Threats against his life meant Iranian activist and refugee, GH, had to flee his country. Support from Prisoners of Conscience is now helping him and his family survive.
Iran’s people are warm and friendly; its art, culture and literature are among the oldest and most celebrated in the world. But for those Iranian citizens who believe in, and stand up for, human rights, it is also a very dangerous place to live.
You may have read about the horrific executions, arrests and lethal force being used to crush the current uprising. This assault on the rights of the Iranian people is nothing new. Thousands of people have been, and continue to be, unjustly imprisoned, beaten and worse at the hands of the government. Their crime: standing up for their human rights.
GH (not his real name, for security reasons) knows just how terrifying it is to be on the wrong side of the Iranian government. In 2010, he began blogging about human rights in Iran, including sharing stories about prisoners of conscience and their families. Soon after, he was summoned to the IRGC intelligence service, the Iranian intelligence agency within the Islamic Revolutionary Guard Corps.
“I was arrested two times due to my activities as a human rights activist and blogger. Seven years ago, when these threats of the Iranian regime toward me and my family intensified, we were forced to leave Iran and come to Turkey as a refugee,” says GH.
Determined to continue raising awareness of the situation in Iran, GH resumed his blog and took on a role with an organization that broadcast the latest news about human rights, prisoners of conscience and Iranian regime crimes in general, including about the recent protests. It did not take the Iranian government long to find him and intimidate him again.
“These activities caused the Iranian regime to threaten me and my family in Turkey. Due to the notorious history of this regime, our life is in danger,” he explains.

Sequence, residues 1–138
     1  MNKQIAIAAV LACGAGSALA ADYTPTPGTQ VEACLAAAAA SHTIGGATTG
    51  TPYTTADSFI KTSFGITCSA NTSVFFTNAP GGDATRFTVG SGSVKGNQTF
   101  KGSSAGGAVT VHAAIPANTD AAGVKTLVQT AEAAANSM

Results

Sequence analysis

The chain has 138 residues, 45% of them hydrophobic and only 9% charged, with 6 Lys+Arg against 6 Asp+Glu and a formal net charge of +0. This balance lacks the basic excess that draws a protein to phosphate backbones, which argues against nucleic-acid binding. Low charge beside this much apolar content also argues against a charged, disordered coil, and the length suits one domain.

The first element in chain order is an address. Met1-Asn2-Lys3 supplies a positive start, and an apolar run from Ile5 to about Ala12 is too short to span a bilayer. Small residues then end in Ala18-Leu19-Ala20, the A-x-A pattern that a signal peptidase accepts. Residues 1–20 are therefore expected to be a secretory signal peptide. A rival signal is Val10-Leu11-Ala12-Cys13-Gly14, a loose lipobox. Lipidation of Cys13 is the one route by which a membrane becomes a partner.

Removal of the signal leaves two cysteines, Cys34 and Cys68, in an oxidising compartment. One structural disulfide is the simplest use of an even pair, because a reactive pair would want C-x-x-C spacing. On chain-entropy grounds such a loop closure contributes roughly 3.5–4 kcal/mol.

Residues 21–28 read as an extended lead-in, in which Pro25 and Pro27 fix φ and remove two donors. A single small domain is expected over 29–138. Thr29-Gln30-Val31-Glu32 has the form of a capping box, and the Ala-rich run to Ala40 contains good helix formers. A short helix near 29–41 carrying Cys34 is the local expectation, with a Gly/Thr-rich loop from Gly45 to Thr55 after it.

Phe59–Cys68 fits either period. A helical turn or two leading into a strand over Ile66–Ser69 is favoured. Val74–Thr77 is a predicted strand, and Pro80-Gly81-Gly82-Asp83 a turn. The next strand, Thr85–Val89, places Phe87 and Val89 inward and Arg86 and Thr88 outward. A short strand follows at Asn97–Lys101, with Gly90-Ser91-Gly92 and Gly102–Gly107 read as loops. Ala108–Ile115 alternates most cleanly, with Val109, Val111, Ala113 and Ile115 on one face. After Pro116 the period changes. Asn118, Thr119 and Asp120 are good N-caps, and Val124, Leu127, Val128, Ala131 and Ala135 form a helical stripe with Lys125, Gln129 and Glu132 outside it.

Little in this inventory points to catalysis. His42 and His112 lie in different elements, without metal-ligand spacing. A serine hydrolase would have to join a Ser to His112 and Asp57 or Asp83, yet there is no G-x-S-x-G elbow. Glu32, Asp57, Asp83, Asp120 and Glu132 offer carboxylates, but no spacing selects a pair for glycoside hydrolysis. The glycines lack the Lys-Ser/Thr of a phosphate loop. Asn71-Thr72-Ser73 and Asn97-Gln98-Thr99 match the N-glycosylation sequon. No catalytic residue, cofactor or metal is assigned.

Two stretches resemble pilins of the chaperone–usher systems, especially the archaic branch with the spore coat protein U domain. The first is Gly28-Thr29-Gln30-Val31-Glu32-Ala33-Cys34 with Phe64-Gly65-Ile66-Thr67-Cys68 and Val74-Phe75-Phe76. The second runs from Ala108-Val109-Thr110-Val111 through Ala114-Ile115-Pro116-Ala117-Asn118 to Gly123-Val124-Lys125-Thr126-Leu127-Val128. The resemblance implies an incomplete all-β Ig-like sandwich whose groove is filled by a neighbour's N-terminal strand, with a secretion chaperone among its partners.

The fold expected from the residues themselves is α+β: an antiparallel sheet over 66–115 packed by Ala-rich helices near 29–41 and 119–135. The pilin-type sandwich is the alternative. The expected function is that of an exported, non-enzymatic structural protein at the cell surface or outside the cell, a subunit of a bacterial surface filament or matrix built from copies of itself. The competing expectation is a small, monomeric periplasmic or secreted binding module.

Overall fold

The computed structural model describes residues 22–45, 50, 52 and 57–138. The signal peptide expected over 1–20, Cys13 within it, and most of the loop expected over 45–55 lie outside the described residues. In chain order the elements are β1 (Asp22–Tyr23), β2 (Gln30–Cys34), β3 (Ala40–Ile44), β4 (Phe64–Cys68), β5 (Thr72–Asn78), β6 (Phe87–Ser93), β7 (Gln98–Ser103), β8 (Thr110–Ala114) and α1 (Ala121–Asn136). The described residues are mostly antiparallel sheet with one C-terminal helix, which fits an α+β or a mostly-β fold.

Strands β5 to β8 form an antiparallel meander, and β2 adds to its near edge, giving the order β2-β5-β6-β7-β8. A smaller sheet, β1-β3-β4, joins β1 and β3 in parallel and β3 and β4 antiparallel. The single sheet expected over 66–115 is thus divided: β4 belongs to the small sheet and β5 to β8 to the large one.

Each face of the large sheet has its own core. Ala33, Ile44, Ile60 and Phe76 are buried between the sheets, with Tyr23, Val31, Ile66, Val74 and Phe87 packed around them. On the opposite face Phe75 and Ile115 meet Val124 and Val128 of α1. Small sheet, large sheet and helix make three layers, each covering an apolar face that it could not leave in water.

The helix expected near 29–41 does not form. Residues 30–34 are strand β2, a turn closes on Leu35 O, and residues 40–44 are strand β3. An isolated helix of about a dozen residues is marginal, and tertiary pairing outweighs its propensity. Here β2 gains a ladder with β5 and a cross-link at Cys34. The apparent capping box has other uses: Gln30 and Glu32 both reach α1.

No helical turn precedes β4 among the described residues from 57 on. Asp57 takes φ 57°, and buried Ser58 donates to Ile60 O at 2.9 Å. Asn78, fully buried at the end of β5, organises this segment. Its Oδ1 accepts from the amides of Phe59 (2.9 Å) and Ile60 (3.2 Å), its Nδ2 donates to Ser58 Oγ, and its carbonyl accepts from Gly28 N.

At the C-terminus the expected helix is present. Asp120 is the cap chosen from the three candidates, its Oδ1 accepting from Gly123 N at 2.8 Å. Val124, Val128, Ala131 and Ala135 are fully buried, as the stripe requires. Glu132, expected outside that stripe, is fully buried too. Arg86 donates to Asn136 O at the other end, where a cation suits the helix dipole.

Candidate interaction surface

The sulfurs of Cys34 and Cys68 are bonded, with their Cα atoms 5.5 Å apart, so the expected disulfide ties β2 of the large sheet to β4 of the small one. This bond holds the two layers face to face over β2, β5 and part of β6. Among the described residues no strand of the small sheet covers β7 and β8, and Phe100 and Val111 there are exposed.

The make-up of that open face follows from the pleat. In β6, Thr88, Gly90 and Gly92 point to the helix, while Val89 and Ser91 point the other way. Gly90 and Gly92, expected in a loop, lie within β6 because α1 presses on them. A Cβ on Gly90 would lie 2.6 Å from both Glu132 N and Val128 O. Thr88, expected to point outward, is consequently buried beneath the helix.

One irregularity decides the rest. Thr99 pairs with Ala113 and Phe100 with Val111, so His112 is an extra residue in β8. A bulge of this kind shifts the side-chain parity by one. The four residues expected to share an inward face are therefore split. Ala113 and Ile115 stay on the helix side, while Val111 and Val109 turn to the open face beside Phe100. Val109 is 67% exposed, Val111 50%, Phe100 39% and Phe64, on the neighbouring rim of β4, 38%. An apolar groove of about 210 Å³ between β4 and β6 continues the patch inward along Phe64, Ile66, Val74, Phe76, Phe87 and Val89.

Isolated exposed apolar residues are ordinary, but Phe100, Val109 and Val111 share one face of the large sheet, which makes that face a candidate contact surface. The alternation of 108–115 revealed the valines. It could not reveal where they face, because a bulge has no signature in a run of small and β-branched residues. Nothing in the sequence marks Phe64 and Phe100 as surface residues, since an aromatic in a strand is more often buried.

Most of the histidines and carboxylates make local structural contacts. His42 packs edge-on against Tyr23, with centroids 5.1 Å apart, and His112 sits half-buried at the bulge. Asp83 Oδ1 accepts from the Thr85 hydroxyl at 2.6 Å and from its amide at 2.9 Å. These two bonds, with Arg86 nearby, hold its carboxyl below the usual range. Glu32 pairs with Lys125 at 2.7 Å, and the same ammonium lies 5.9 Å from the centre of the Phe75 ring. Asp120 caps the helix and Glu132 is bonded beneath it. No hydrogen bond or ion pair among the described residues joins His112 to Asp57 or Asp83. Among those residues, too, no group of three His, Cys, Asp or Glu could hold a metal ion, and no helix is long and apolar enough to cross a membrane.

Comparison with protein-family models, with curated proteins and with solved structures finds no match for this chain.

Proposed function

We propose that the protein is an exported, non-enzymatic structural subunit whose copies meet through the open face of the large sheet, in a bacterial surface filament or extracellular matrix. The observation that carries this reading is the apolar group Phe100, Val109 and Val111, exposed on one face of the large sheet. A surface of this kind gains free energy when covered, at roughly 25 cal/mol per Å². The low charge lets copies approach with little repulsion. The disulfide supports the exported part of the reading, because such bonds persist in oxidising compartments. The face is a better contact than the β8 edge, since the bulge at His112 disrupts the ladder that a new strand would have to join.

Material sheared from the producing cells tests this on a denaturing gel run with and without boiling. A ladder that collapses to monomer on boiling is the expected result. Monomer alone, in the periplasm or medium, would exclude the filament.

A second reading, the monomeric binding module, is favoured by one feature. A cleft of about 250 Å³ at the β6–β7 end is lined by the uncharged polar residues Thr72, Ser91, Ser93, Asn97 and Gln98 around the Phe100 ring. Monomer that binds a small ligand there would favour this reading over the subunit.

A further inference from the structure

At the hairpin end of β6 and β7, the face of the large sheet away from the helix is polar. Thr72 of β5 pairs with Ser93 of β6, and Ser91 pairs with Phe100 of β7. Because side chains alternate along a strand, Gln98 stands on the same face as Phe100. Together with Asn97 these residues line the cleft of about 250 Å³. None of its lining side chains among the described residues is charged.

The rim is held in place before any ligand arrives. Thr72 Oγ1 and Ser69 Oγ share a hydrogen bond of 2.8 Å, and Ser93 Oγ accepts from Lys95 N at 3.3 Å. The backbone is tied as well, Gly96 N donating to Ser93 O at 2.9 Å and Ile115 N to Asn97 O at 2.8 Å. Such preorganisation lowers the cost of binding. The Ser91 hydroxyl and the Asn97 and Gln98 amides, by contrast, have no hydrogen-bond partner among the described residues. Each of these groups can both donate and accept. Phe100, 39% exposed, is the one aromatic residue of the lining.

GH’s situation is even more precarious due to his health. Since moving to Turkey, Ashraf developed heart disease and was required to have surgery. He has been unable to work since.
“My cardiologist prevented me to return to work because the work can lead me to death, thus our family is in a severe economic condition. During these years, a friend of mine introduced me to the Prisoner of Conscience organization that help refugee people and political activist like me.”
The generosity of our supporters has enabled PoC to support GH and his family. Three hardship grants have been provided to meet critical living, food and health needs and PoC is working with GH and other NGOs to help him and his family reach a country where he can continue his human rights work in safety.
The financial and emotional support received has been much appreciated by GH, who describes how it gives him hope for the future:
“PoC always is such a ray of hope in our difficult situation. PoC grants help alleviate my life’s problems and help me to afford my daily life costs in Turkey. We hope after these years, with help of PoC and other organizations, we transfer to a third country to be safe from these criminal regime threats, and my family has peace.”